Follett, Sir William Webb
FOLLETT, SIR WILLIAM WEBB (1798-1845), English lawyer, was born at Topsham in Devonshire on the 2nd of December 1798. He was the son of Captain Benjamin Follett, who had retired from the army in 1790, and engaged in business at Topsham. He received his education at Exeter grammar school and Trinity College, Cambridge, graduating in 1818. He had entered the Inner Temple in 1816 and began to practise as a pleader below the bar in 1821, but was called to the bar in 1824, and joined the western circuit in 1825. At the very outset his great qualifications were universally recognized. He was thoroughly master of his profession, and his rapid rise in it was due not only to his quick perception and sound judgment, but to his singular courtesy, kindness and sweetness of temper. In 1830 he married the eldest daughter of Sir Ambrose Harding Gifford, chief justice of Ceylon. In 1835 he was returned to parliament for Exeter. In parliament he early distinguished himself, and under the first administration of Sir Robert Peel was appointed solicitor-general (November 1834); but resigned with the ministry in April 1835. In the course of this year he was knighted. On the return of Peel to power in 1841 Sir William was again appointed solicitor-general, and in April 1844 he succeeded Sir Frederick Pollock as attorney-general. But his health, which had begun to fail him in 1838, and had been permanently injured by a severe illness in 1841, now broke down, and he was compelled to relinquish practice and to visit the south of Europe. He returned to England in March 1845; but the disease, consumption, reasserted itself, and he died in London on the 28th of June following. A statue of Follett, executed by Behnes, was erected by subscription in Westminster Abbey.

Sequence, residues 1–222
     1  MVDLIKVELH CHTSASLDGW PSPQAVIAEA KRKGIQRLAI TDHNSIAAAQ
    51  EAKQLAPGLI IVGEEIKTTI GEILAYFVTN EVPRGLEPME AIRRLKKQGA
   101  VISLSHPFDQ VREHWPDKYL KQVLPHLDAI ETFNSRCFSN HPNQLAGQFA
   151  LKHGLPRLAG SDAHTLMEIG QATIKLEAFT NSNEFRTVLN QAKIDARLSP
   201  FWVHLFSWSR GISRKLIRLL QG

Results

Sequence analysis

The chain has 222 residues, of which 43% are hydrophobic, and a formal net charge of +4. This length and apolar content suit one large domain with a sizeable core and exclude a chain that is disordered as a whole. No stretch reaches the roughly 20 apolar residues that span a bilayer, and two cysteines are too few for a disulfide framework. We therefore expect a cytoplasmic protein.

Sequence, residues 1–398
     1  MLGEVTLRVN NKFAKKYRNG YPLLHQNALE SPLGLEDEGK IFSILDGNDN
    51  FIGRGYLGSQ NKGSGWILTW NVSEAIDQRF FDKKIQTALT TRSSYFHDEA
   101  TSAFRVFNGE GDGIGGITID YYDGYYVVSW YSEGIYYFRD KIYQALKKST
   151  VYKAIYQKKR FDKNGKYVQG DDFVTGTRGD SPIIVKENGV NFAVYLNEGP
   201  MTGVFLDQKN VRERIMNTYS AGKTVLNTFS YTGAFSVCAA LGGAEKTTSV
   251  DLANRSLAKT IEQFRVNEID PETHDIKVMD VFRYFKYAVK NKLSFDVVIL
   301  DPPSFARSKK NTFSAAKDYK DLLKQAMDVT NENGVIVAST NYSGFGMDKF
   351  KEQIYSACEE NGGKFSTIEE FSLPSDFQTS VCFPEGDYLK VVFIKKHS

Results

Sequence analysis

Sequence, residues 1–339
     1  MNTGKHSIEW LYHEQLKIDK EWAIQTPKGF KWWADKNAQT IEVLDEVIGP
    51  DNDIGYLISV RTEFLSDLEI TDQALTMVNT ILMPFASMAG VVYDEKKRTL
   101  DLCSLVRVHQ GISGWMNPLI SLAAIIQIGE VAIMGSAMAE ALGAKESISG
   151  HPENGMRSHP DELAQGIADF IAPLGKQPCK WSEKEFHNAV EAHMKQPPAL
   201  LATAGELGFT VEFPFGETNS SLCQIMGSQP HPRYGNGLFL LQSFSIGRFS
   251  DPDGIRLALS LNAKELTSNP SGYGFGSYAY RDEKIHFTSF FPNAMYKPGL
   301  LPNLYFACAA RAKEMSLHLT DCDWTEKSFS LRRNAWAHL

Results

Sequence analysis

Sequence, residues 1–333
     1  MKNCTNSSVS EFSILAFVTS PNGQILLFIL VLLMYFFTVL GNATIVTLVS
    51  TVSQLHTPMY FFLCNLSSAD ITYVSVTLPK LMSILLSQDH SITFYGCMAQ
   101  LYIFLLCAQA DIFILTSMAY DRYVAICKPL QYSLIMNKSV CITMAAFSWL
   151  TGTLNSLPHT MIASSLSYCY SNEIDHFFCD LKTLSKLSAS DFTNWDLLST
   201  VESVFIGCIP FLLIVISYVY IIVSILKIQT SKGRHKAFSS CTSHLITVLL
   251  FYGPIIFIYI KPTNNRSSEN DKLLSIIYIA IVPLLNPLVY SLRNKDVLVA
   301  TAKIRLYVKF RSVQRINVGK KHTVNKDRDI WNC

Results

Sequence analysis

Note - this article incorporates content from Encyclopaedia Britannica, Eleventh Edition, (1910-1911)